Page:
It strikes me that the discipline of International Relations is a fiction (certainly a construction). It relies on a cohort of people who believe that there is such a thing as the discipline of International Relations. They have a vested interest in maintaining this shared fiction and so they reinforce it by going to the same conferences, reading the same books, citing the same authors, offering courses on it, and using the same terminology. They even have their own argot and abbreviations (not least ‘IR’). This is not to undermine the seriousness and genuineness of their intellectual endeavours. It is instead, it is to point out that International Relations is something of a club. Like most clubs, there are rules and gatekeepers.

I remember being at the BISA (British International Studies Association) conference in St Andrews some years ago. The plenary speaker was some ‘big name’ in ‘the field’. Typically, I have forgotten who it was. But what I do remember was the guy who introduced him saying ‘And if you don’t know who our plenary speaker is then you shouldn’t be here.’ Needless to say, I didn’t know who the plenary speaker was, but I took away the message loud and clear: you don’t belong here, if you don’t conform and join the club, and read the same things that we read, and honour the same people that we honour. So, for me, the discipline of International Relations was about followership, of getting into camps behind leading authors, of appending the word ‘School’ onto a particular group of scholars.

The reason I don’t have much time for International Relations (despite the fact I have an MA and PhD in it, and am now a Professor of Peace and Conflict studies) is that I have not found it to be 1. very useful or 2. very welcoming. It hasn’t been very useful for understanding the sorts of conflicts I am interested in (civil wars) and it certainly hasn’t been very welcoming.

I’ve sat through a few uncomfortable seminars in which students, dutifully giving their seminar papers, have cited me: ‘As Mac Ginty says ….’. I was sitting a few feet away. The thing was, I don’t think the students agreed with what I had written. They were just saying it to please me, to keep on the right side of me. I would have preferred it if they had used their own words and thoughts; if they had have had a go at my writing or added something to it. It was followership and very depressing. It can be no accident that we call our units of study ‘disciplines’. To follow them we must be disciplined: we must get into line, agree with selected others, cite selected works etc. This followership (perhaps best expressed in the US tenure system – and wasn’t ‘tenure’ associated with slavery?) leaves little room for innovation, critique and intellectual dissent.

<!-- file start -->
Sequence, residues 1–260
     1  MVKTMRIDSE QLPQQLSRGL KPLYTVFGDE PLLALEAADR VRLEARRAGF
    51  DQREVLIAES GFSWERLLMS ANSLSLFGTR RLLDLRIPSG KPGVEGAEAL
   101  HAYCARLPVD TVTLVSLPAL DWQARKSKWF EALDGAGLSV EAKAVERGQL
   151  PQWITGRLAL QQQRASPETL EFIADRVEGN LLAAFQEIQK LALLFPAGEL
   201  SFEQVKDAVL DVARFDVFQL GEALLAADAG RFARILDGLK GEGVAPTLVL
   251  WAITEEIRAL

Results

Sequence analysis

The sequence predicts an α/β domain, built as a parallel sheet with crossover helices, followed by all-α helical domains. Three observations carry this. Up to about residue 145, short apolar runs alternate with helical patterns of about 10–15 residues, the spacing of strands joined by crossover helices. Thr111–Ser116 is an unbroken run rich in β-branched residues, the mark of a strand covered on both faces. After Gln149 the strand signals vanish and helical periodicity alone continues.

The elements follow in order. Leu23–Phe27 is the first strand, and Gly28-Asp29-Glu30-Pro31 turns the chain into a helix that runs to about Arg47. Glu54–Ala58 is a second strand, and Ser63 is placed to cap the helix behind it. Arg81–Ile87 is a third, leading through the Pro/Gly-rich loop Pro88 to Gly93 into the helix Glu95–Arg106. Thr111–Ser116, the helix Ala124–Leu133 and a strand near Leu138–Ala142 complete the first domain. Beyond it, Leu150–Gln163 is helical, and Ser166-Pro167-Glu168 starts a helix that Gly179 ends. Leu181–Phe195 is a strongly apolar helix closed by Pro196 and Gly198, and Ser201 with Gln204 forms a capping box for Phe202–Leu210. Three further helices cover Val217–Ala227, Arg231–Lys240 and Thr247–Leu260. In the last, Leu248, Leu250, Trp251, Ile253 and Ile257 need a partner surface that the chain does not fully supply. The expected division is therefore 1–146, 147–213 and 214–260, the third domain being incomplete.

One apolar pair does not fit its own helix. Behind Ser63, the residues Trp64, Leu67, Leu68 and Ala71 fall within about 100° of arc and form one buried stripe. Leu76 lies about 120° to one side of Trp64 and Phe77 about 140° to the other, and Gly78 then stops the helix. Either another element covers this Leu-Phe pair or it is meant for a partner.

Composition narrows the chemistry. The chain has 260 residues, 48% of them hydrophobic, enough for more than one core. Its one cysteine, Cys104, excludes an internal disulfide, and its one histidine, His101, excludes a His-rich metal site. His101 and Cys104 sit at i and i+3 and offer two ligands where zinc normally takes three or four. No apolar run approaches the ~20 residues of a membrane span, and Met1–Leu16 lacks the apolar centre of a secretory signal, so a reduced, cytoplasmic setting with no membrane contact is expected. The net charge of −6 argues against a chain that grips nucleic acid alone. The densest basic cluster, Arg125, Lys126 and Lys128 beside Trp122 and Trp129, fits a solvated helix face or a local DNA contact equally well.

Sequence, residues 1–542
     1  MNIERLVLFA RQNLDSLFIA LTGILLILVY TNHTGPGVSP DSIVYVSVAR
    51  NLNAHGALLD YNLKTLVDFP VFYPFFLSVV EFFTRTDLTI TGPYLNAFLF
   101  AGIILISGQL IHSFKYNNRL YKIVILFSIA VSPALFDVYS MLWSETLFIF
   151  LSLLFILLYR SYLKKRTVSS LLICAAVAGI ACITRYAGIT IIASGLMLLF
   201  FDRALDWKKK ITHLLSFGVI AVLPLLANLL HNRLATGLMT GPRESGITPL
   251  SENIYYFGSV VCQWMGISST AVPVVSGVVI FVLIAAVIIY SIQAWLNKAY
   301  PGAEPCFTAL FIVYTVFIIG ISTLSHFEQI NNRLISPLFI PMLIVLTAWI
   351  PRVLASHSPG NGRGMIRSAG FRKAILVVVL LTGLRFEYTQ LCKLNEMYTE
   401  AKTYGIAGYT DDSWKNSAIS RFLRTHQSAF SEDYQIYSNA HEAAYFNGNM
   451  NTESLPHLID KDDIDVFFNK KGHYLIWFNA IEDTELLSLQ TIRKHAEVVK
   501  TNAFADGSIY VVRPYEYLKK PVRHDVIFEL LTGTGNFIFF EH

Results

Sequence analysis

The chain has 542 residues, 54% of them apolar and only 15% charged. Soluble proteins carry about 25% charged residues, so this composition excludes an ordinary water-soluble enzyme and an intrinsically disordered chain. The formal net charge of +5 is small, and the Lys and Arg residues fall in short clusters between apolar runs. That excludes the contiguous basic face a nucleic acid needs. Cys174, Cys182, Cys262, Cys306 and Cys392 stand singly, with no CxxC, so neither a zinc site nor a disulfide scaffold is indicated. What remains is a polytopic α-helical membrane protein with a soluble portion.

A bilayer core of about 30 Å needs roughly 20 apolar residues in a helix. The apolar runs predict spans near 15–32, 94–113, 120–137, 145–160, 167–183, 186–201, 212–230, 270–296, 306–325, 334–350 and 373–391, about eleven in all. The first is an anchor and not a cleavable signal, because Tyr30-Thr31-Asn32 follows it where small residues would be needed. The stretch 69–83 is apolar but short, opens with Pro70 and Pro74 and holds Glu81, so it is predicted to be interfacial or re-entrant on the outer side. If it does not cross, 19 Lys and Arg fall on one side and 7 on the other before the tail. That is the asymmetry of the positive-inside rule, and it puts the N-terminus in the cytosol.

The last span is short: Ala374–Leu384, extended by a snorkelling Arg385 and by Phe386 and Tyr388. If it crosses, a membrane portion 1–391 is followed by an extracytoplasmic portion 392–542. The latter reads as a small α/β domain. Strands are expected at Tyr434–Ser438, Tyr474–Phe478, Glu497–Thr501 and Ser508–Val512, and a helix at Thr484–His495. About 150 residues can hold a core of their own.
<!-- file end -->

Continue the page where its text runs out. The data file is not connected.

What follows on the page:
Over the past few years I have been working on ideas of hybridity and resistance. I have to admit to having only the scantest knowledge of the works of Bourdieu, Foucault, Spivak and de Certeau. Frankly, although their ideas are important, I find their word very difficult to read. Usually whenever I give a conference or workshop paper, my fellow panellists or audience members mention these authors. I used to feel like a fraud, hoping that they wouldn’t uncover the fact that my knowledge of these people was paper thin. But now I’m happy to be a fraud. You see, I have got myself to similar intellectual positions as Bourdieu, Foucault, Spivak and de Certeau by observing my daily life, and my very broad reading. I hasten to add that I am in no way comparing the sophistication of my thinking to the likes of Foucault! I’m still messing about with Play Dough while they were building grand temples. I’m merely reflecting that I have been able to work out that the meanings of words matter, that politics is everywhere, and that power is often hidden and takes multiple forms without wading through their work in great detail. I have read a little of it, appreciated it, but have not done the cultish thing of reading everything and obsessively citing them.